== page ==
China’s stock market continues to evolve and deepen and is increasingly dominated by high growth firms in technology, healthcare and other innovation-led sectors who do not have heavy debt loads. The share of state owned enterprises (SOEs) has steadily declined over time. Spurred by a doubling of real income per average household over the past ten years, China’s household consumption is booming. For example, China’s adoption rate of mobile payment over the past three or four years has been unparalleled: just in 2016, China’s mobile payments hit $5.5 trillion, roughly 50 times the size of America’s $112 billion market, according to consulting firm iResearch. Investors are now in a better position to actually reap the benefit of the structural shifts in China and other growing Asian economies.


Composition of SOE and non-SOE companies in MSCI China (%)

Source: MSCI, Morgan Stanley


Although we favored risk investments this year, we are mindful of several important risks. Despite unsettling headlines, political risks did not much affect the markets in 2017. This may not be the case next year. There are many, such as the possibility for increased trade friction, conflict with North Korea, or upcoming elections in Europe. As China continues to rise in influence, and with the U.S. in relative retreat, we are entering a more multi-polar and less stable world. Europe and the U.S. continue to struggle with low growth in average household income and, in the U.S., a marked increase in income and wealth inequalities. Technology and global trade have tilted the playing field away from labor. Average U.S. households have seen little or no growth in income over the past several decades. Millennials will soon become the dominant voting bloc in the U.S. These younger households will be more in debt and less wealthy than the older generations, and they will also be inheriting a large public debt. We think that these voters will ultimately push for more inflationary policies given that inflation benefits debtors and workers over creditors and retirees.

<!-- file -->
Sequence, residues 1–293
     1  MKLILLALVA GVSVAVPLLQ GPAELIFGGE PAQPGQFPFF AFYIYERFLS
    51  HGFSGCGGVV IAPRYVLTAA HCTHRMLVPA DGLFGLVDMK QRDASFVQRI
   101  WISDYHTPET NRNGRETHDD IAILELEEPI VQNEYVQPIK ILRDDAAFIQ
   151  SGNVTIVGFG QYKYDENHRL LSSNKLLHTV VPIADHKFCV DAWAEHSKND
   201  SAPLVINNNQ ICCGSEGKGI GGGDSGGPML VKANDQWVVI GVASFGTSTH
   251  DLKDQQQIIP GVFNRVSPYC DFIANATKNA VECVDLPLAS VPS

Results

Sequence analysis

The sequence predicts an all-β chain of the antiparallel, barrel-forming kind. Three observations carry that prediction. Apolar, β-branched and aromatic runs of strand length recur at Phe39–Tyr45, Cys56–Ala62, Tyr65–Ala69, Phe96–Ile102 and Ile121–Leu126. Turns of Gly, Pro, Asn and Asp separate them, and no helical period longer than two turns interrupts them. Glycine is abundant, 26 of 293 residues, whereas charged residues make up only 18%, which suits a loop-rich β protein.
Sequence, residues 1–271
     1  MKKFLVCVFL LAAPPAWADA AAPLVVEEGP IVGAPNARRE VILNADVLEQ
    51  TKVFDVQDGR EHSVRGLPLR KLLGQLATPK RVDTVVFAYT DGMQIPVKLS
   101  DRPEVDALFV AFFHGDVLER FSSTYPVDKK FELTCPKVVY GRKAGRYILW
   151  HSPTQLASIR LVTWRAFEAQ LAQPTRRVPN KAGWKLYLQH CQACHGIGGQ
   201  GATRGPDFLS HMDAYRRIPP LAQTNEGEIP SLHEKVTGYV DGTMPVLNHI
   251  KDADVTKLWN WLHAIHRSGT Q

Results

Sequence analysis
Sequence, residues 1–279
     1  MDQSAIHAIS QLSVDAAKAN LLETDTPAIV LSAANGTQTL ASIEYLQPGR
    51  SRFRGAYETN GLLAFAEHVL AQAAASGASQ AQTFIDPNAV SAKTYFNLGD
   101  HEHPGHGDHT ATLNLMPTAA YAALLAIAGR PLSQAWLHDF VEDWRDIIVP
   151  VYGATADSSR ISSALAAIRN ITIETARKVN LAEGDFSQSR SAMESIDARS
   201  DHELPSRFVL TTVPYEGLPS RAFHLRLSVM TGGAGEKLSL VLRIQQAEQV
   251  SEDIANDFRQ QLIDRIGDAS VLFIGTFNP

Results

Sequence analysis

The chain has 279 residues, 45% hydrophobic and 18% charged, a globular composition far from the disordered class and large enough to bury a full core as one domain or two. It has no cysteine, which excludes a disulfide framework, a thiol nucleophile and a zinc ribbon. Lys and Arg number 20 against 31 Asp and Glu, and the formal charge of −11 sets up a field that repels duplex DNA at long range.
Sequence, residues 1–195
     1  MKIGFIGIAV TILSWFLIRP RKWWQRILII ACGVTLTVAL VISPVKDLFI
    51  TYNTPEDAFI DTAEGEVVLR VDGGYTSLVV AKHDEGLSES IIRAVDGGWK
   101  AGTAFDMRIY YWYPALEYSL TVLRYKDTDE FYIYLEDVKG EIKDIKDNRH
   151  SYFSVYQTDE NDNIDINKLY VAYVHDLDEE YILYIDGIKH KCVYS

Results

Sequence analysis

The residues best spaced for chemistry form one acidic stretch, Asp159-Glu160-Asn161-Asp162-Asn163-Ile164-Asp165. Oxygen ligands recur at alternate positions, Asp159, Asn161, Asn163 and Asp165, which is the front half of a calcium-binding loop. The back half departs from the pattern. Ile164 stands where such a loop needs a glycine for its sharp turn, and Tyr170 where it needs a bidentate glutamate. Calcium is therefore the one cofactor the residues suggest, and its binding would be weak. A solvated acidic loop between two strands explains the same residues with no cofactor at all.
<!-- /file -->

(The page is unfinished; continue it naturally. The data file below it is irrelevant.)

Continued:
Federal Reserve policy action was key in mitigating the fallout from the financial crisis, and will continue to be vital to navigating future challenges. Jerome Powell is slated to become the new Chair of the U.S. Federal Reserve in February. With the transition at the Federal Reserve, it is unclear how the central bank will react to the next economic downturn. Wage growth in the U.S. is only 2.3%. This is a very low level from a historical perspective, and opens the door for a return of deflationary fears during the next slowdown. In four of the past seven recessions, the drop in the level of wage growth from its peak prior to the onset of a recession to its trough was more than 2.3%. This means that we could see negative wage growth during the next recession unless the Federal Reserve takes dramatic action.

We expect volatility to rise going forward. Please make it a New Year’s resolution to check the risk level of your portfolio to ensure that it remains appropriate for your goals. As always, we would be happy to meet at any time to discuss and review your portfolio.


Printable version.



This presentation is for informational purposes and does not constitute investment advice, nor should it be considered a recommendation to purchase or sell any particular security. The opinions expressed are those of the Choate Investment Advisers (“ChoateIA”). Firm holdings for the last 12 months are available upon request. Investing involves the risk of loss of principal. Additional information about the risks can be found in Form ADV Part 2, which is available upon request.

ChoateIA is a registered investment adviser. Registration does not imply a certain level of skill or training. More information about the firm can be found in its Form ADV Part 2, which is available upon request by emailing